On Sunday, my wife and I went for a walk with a Turkish Muslim family. I have known the husband for almost four years, but this was the first time I met his wife and two children since they arrived a few months ago. He had to flee to Canada almost five years ago, leaving her and their oldest child behind; she was pregnant at the time with their second child.
As we walked, I noticed a few glances our way as we made our way through the park. His wife wears a hijab. I’ve seen those glances before, and know that sometimes they mean “Why are you walking with ‘them’?”
We welcome many people to Canada, but too often we all seem to stick within our own communities, perhaps because that is easier and comfortable. Yet in doing so, do we not remain the “other” to each other? I’ve met and walked with my friend physically, but also mentally and emotionally as he first sought to obtain residency in Canada and waited for his family to join him. In turn, he has walked with me because he has a lot of business experience that I value. So this was very much a celebratory walk, but I also pondered the tragic events in London just a week before.
The next day, I thought about another walk through the same park on Sept. 11, 2011. People were encouraged on that day to organize a walk on the 10th anniversary of 9/11. For me, that felt like a positive way to respond to that horrible day, so I organized an event; a group of perhaps 25-30 people showed up. Some were from my church, some had become friends through refugee sponsorships, and I met new friends that day. Everyone who attended came from various countries and faith traditions. Yet, we came for a common purpose on that warm September day – to walk together and to learn more about each other.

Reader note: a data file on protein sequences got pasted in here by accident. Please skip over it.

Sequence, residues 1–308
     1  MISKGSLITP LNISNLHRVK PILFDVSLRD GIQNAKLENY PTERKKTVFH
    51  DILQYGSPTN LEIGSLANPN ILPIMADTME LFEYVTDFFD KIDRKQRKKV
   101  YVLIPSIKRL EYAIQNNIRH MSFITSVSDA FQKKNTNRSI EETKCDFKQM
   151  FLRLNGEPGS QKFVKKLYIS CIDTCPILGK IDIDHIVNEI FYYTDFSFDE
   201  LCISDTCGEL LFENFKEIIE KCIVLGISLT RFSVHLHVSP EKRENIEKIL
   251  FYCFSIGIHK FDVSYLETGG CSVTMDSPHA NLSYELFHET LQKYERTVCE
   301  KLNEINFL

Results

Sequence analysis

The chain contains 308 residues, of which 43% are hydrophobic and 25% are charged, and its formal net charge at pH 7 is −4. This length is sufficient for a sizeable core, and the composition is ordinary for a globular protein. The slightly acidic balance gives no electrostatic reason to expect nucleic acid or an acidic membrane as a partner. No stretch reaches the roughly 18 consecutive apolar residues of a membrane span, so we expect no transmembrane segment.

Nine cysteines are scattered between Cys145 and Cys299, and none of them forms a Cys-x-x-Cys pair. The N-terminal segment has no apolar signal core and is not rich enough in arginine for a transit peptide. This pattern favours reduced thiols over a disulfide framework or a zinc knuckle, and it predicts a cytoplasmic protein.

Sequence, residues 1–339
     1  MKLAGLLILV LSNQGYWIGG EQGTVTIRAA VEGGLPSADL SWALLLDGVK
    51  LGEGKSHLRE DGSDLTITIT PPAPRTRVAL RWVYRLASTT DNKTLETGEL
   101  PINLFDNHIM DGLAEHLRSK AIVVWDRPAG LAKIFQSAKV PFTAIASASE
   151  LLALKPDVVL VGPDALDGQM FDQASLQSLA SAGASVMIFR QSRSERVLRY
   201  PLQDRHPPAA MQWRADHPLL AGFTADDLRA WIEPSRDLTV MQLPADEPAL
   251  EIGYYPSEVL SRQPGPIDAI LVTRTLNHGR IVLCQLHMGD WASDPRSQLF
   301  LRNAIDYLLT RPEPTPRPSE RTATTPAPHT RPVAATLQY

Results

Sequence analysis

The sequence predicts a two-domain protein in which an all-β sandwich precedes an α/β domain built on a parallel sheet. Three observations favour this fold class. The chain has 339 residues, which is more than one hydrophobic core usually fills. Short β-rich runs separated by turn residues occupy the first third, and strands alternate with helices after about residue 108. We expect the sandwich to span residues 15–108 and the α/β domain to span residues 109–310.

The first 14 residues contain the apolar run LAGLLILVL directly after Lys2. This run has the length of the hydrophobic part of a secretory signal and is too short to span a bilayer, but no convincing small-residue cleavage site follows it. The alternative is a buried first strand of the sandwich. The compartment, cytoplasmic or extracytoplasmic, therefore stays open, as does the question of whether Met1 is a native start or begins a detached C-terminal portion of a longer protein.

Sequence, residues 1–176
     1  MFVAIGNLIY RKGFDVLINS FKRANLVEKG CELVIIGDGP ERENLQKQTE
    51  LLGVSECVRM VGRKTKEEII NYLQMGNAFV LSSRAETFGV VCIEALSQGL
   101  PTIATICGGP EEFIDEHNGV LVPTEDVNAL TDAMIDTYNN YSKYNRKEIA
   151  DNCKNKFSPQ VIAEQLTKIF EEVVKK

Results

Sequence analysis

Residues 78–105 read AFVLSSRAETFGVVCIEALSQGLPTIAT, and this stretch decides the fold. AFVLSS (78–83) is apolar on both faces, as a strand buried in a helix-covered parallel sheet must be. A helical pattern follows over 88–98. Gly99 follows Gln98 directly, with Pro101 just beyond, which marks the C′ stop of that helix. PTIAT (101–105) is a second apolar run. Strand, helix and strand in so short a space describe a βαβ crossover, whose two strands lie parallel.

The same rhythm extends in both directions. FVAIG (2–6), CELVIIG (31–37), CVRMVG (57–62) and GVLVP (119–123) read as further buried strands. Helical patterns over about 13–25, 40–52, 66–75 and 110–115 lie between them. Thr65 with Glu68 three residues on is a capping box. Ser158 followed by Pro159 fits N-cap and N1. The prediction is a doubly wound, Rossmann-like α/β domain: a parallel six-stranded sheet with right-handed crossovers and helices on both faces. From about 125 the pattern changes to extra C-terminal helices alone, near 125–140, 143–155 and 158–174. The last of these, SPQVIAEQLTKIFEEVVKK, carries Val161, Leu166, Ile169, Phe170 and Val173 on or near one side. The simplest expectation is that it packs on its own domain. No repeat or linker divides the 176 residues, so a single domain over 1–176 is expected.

We didn’t change the world that day but perhaps we changed each other and others we encountered that day. I think that is how the world changes. An important parable for many of us Christians is the parable of the mustard seed:
Matthew 17:20b NIV – . . . Truly I tell you, if you have faith as small as a mustard seed, you can say to this mountain, ‘Move from here to there,’ and it will move. Nothing will be impossible for you.”
For me, this parable is about taking small steps of faith and those small steps will, in fact, lead to mountains moving.
As a company, our team members come from different cultures and faith traditions, with a large percentage who are Muslim. The pandemic forced us to leave a central office and we’ve now embraced the home-centered office approach to working. Yet we’ve also appreciated the ability to take a number of walks together and then share refreshments together. There is something about walking with each other that brings us together.
So my encouragement to you during this pandemic is to walk with each other. Should we not all take this opportunity to exercise our faith, whatever it is, to work to remove the mountains that sometimes keep us apart?